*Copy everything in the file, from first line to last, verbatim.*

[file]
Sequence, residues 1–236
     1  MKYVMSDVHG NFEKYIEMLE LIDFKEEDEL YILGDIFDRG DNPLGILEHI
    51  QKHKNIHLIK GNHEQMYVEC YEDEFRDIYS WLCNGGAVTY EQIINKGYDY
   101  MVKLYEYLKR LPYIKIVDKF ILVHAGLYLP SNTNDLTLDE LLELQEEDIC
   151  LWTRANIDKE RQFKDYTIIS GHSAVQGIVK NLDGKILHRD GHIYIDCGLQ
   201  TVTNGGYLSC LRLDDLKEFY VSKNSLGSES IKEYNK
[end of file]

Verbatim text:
Sequence, residues 1–236
     1  MKYVMSDVHG NFEKYIEMLE LIDFKEEDEL YILGDIFDRG DNPLGILEHI
    51  QKHKNIHLIK GNHEQMYVEC YEDEFRDIYS WLCNGGAVTY EQIINKGYDY
   101  MVKLYEYLKR LPYIKIVDKF ILVHAGLYLP SNTNDLTLDE LLELQEEDIC
   151  LWTRANIDKE RQFKDYTIIS GHSAVQGIVK NLDGKILHRD GHIYIDCGLQ
   201  TVTNGGYLSC LRLDDLKEFY VSKNSLGSES IKEYNK